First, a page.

History students heard firsthand accounts of Vietnam-era military service and protests, challenges facing women in academia, and how Suffolk University has evolved over time, all while gaining experience as public historians by conducting oral history interviews with eminent Suffolk retirees.
The interviews were the culmination of an effort to preserve the personal narratives that bring Suffolk’s history alive.
“We have history books full of facts about the institution. What you need for a full picture is the stories and the different perspectives,” says Nancy Stoll, who retired as dean of students in 2016.
Suffolk was an integral part of Stoll’s life for nearly three decades, and she found she wasn’t ready to completely disconnect at retirement. One way she is staying involved is by reviving a University oral history project begun years ago.
Stoll found strong support from Suffolk President Marisa Kelly, who proposed that students be involved and helped arrange for training sessions.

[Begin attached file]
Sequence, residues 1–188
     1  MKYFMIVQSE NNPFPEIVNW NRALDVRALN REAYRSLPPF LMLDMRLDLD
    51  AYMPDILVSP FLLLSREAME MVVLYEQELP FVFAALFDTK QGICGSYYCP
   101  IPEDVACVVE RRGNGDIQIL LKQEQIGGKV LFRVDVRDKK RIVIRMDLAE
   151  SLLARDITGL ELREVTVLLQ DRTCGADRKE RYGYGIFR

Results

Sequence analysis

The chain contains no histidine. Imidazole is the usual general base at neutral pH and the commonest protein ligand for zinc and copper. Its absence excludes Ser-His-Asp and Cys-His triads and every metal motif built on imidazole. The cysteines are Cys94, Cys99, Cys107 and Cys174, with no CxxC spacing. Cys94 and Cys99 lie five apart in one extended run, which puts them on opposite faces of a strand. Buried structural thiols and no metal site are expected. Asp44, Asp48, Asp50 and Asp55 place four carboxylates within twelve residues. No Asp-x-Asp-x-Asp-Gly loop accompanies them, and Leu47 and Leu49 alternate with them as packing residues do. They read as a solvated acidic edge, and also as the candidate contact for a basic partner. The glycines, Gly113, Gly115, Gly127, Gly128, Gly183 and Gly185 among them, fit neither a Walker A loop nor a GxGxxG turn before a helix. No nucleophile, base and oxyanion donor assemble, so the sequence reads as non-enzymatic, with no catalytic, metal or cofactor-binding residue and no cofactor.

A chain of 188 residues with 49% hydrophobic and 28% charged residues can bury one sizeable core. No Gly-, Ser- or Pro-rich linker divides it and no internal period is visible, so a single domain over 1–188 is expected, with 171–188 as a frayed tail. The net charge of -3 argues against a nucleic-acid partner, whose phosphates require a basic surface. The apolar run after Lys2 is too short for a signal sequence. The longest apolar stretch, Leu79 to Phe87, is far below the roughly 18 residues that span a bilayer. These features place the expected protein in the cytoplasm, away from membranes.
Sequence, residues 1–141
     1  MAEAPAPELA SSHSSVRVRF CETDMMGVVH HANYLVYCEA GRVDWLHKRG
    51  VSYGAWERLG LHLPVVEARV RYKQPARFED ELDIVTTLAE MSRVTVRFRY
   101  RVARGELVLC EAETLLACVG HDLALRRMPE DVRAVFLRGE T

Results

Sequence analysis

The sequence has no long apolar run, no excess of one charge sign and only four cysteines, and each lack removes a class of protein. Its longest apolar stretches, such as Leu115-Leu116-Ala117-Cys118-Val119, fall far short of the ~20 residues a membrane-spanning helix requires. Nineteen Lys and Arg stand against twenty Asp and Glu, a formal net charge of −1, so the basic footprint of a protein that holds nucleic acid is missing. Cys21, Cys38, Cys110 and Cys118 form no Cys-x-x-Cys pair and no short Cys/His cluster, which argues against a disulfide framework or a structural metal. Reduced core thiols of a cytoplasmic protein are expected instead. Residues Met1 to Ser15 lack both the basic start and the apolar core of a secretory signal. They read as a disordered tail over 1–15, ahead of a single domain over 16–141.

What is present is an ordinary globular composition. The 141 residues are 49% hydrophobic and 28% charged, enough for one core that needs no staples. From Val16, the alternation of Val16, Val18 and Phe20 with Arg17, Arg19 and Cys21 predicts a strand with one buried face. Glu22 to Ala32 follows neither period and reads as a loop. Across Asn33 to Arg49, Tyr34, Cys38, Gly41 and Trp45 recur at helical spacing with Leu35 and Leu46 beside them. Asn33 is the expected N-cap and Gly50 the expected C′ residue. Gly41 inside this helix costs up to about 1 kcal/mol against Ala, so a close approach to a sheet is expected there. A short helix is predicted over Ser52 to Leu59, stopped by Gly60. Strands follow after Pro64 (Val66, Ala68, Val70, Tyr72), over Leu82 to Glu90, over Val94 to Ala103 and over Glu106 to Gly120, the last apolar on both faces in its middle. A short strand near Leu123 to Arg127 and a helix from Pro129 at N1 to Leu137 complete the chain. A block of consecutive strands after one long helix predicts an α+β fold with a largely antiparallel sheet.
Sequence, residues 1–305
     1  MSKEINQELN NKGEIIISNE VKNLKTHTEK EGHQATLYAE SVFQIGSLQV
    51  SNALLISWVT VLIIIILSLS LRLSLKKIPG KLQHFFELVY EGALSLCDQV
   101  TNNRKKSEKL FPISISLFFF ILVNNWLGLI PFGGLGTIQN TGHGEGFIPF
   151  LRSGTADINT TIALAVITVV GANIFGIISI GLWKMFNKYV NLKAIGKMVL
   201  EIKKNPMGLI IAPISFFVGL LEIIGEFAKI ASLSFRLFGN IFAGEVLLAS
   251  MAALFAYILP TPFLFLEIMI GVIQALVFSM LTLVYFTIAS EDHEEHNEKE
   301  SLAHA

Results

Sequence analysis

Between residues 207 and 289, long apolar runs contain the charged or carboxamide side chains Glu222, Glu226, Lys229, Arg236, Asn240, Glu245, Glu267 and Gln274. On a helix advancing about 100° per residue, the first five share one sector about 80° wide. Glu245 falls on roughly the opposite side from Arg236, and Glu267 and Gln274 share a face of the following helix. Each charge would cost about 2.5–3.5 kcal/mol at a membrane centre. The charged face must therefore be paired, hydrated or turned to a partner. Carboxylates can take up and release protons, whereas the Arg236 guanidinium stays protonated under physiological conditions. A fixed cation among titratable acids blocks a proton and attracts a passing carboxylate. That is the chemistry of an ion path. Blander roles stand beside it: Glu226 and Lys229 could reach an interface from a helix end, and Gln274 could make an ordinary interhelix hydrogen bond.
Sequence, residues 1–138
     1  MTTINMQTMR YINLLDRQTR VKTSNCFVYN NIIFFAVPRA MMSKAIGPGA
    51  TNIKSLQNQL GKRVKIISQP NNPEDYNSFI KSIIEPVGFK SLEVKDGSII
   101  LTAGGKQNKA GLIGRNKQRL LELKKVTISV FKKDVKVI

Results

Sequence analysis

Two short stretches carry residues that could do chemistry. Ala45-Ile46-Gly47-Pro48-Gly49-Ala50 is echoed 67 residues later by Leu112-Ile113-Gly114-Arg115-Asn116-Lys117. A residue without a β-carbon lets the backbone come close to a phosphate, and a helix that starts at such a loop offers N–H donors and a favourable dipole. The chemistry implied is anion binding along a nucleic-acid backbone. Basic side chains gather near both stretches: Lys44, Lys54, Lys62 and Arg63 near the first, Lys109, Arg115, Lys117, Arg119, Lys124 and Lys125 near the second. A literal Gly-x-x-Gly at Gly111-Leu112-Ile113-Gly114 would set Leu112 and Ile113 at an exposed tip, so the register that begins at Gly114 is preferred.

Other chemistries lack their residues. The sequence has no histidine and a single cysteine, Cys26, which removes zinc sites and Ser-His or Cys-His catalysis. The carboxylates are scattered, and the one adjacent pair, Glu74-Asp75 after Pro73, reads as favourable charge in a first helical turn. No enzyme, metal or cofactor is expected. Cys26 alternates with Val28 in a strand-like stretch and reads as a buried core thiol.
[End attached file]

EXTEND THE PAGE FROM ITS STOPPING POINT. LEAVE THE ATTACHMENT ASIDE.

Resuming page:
Historical thinking & digital experience
The vehicle for the oral history project was the History Department’s methods class, “Gateway to the Past: The Historian’s Craft.” The required course “introduces history majors to historical thinking and research,” says Professor Patricia Reeve, the department chair and course instructor.
“By and large the interviews felt very positive. The retiree subjects were pleased to be doing something that engaged them with students once again.”
—Professor Patricia Reeve
The course initially focused on a written research paper but has evolved over time.
“For job seeking it’s better to have digital communication experience,” says Reeve. Students have produced online exhibits, podcasts, and more. The videotaped, transcribed, and archived oral histories add another area of digital expertise.
“The students used oral history as a way of knowledge production,” says Reeve. “They learned interview and research skills. By time they were ready to conduct interviews, they knew their subjects cold.”